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The Most Southern Place on Earth: Music, History, and Culture of the Mississippi Delta

Landmarks of American History and Culture Workshops for School Teachers

Postmark Deadline: March 1, 2012

“The Most Southern Place on Earth: Music, History, and Culture of the Mississippi Delta” consists of two one-week NEH Landmarks of American History and Culture Workshops held during summer 2012 for eighty school teachers on the Mississippi Delta region, its rich history, its diverse peoples, and its impact on the American imagination. Project director Luther Brown leads the first day’s seminar on Delta history and the Mississippi River, including the documentaries LaLee’s Kin: The Legacy of Cotton and Fatal Flood alongside a visit to the site of the levee break in the Great Flood of 1927. During day two, historian Charles Reagan Wilson (University of Mississippi) explores the area’s ethnic and religious diversity, including its early Chinese, Russian Jewish, Lebanese, and Italian communities. Music scholar David Evans (University of Memphis) guides the third day on “The Blues: American Roots Music and the Culture that Produced It,” featuring a visit to Dockery Farms, the plantation viewed as the birthplace of the Blues. On day four, Delta State faculty member Henry Outlaw presents the Civil Rights movement in Mississippi, with the Emmett Till story as a case study in “oppression, revolution, and reconciliation.” Participants travel on day five to the National Civil Rights Museum in Memphis, where they also visit other historical landmarks and cultural institutions (including music-related sites). On day six, geographer John Strait (Sam Houston State University) talks about the diaspora of Delta residents to the cities of the North. Readings include The Most Southern Place on Earth: The Mississippi Delta and the Roots of Regional Identity (James Cobb), Rising Tide: The Great Mississippi Flood of 1927 (John M. Barry), and Getting Away With Murder: The True Story of the Emmett Till Case (Chris Crowe), among other works.

Dates: Cleveland, MS: June 24–30 or July 8–14
Grantee Institutions: Luther Brown and Lee Aylward, Delta State University
Location: Delta State University in Cleveland, Mississippi, the heart of the Mississippi Delta, with regular trips throughout the region and one trip to Memphis; Greenville, Dockery Farms (birthplace of the blues), the B.B. King Museum, the Mississippi River, Indianola, Sumner, Money, Clarksdale, Memphis, National Civil Rights Museum, Stax Museum of American Soul Music, Highway 61 (the Blues Highway), Robert Johnson’s grave, Fannie Lou Hamer’s grave
Information:

About NEH Landmarks of American History: Workshops for School Teachers

The National Endowment for the Humanities is an independent grant-making agency of the federal government. As part of the NEH’s We the People program, we offer the following Landmarks of American History and Culture Workshops for School Teachers. NEH Landmarks of American History and Culture Workshops provide the opportunity for K-12 educators to engage in intensive study and discussion of important topics in American history and culture. These one-week programs will give participants direct experiences in the interpretation of significant historical and cultural sites and the use of archival and other primary evidence. Landmarks Workshops present the best scholarship on a specific landmark or related cluster of landmarks, enabling participants to gain a sense of the importance of historical places, to make connections between what they learn in the Workshop and what they teach, and to develop enhanced teaching or research materials.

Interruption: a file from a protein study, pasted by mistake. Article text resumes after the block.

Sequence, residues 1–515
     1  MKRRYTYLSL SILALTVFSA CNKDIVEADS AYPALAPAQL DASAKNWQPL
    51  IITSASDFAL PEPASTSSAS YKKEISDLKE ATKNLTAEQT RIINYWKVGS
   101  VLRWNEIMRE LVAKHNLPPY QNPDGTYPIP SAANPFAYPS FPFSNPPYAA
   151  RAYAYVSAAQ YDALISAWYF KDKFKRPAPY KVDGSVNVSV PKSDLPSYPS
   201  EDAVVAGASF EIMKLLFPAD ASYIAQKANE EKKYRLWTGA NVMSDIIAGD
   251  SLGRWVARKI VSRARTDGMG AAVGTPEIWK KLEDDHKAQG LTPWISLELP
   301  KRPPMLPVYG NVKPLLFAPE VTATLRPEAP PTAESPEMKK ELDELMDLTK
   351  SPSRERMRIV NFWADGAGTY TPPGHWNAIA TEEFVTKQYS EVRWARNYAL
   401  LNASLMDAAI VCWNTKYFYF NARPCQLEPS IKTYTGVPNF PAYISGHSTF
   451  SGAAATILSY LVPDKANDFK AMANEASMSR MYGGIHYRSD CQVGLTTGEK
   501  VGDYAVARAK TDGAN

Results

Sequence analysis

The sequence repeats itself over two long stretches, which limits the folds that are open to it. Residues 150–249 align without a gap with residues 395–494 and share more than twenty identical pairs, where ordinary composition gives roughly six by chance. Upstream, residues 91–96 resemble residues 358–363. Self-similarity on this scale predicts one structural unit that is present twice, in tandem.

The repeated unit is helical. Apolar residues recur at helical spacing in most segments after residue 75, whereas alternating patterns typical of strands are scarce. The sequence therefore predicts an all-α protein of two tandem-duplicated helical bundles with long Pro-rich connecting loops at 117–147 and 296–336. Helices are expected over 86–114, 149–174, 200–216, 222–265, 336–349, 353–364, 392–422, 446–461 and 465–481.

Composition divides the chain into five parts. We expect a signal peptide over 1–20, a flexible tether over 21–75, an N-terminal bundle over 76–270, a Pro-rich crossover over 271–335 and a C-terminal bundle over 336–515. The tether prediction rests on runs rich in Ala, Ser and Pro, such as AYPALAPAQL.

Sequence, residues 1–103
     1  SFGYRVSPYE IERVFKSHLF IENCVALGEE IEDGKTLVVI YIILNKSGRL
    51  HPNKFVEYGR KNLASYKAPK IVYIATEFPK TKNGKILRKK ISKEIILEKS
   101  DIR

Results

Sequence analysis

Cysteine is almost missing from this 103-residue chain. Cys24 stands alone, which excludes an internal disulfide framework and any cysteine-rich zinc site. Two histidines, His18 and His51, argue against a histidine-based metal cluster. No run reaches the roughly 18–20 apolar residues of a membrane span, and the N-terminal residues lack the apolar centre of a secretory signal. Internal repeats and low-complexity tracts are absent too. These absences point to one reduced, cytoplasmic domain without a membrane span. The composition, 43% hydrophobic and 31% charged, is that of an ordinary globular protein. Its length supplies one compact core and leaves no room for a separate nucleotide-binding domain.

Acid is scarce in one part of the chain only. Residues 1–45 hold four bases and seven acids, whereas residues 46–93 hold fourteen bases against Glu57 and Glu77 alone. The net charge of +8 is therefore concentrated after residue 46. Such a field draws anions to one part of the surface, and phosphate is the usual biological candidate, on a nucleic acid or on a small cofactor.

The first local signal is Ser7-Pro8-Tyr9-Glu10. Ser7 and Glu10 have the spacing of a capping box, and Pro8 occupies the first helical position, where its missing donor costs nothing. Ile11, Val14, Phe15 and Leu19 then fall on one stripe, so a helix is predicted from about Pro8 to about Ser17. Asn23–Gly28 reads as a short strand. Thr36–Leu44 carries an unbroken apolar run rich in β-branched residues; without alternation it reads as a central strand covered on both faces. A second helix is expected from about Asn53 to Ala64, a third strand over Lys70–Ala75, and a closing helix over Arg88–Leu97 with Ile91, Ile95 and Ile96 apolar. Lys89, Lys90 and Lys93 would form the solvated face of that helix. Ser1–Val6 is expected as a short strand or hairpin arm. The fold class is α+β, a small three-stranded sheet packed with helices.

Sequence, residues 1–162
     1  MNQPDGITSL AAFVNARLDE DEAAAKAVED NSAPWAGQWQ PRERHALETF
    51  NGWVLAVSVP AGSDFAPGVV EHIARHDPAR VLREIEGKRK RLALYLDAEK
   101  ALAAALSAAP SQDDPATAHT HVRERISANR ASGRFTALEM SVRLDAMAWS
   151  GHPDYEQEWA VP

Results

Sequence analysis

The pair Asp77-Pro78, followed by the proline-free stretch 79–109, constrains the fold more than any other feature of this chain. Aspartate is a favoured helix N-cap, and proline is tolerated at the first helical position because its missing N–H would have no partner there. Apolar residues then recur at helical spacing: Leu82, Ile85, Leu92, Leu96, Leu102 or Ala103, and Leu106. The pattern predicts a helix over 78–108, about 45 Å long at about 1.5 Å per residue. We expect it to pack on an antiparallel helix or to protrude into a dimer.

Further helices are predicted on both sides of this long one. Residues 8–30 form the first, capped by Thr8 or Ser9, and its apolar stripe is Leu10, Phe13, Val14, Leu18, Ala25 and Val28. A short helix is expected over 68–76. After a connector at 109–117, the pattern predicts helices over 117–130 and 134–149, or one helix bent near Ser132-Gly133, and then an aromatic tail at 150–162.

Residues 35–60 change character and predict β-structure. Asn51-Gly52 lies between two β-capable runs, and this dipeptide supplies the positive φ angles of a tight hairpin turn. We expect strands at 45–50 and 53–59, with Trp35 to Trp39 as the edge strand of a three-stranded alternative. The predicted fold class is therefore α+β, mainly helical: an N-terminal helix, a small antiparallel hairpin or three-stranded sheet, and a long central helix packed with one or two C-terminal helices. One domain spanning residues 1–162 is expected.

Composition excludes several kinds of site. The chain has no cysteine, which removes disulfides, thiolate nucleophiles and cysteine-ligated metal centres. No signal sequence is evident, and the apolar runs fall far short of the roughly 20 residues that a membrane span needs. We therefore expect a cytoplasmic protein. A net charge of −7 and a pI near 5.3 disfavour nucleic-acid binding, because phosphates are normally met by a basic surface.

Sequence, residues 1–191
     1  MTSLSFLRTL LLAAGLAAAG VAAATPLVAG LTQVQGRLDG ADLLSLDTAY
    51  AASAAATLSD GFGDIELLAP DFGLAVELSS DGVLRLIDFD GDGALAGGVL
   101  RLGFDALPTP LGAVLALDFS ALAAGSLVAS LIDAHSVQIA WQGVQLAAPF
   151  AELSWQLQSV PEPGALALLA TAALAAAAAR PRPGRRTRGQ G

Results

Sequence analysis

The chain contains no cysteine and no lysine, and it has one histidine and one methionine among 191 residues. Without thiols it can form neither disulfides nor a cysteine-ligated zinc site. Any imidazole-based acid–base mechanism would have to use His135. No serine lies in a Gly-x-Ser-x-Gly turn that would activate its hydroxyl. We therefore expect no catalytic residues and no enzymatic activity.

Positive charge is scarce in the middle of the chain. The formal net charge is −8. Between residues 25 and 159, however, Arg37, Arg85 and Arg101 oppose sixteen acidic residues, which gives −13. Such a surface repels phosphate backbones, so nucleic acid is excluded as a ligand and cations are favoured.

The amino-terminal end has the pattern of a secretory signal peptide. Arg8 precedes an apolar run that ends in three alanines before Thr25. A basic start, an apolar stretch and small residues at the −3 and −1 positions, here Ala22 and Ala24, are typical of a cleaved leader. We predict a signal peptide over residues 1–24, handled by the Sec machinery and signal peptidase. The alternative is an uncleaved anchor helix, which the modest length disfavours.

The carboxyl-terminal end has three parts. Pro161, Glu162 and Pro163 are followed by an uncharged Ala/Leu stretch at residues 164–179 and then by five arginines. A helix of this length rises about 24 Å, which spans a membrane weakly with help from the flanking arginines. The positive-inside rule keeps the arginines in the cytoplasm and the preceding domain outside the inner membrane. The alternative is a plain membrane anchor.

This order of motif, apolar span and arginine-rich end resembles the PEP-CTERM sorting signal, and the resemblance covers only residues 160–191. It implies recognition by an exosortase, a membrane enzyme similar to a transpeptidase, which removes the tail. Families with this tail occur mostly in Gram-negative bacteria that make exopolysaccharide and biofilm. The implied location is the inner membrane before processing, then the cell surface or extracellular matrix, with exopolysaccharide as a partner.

Amount of Award

Teachers selected to participate will receive a stipend of $1,200 at the end of the residential Workshop session. Stipends are intended to help cover living expenses, books, and travel expenses to and from the Workshop location.

Eligibility

These projects are designed principally for classroom teachers and librarians in public, charter, independent, and religiously-affiliated schools, as well as home schooling parents. Other K-12 school personnel, including administrators, substitute teachers, and classroom professionals, are eligible to participate, subject to available space.

Teachers at schools in the United States or its territorial possessions or Americans teaching in foreign schools where at least 50 percent of the students are American nationals are eligible for this program. Applicants must be United States citizens, residents of U.S. jurisdictions, or foreign nationals who have been residing in the United States or its territories for at least the three years immediately preceding the application deadline. Foreign nationals teaching abroad at non-U.S. chartered institutions are not eligible to apply.

Applicants must complete the NEH application and provide all of the information requested to be considered eligible.

New this year: An individual may apply to up to two NEH Summer Programs in any one year (Landmarks Workshops, Summer Seminars, or Summer Institutes), but may participate in only one. Please note that eligibility criteria differ significantly between the Landmarks Workshops and the Seminars and Institutes Programs.

How to Apply

Please e-mail, telephone or send by U.S. Post a request for application information and expanded Workshop descriptions to the Landmarks directors listed here; in many cases, these materials will also be available on project Web sites. You may request information about as many Workshops as you like, and, as noted above, you may apply to up to two programs but participate in only one.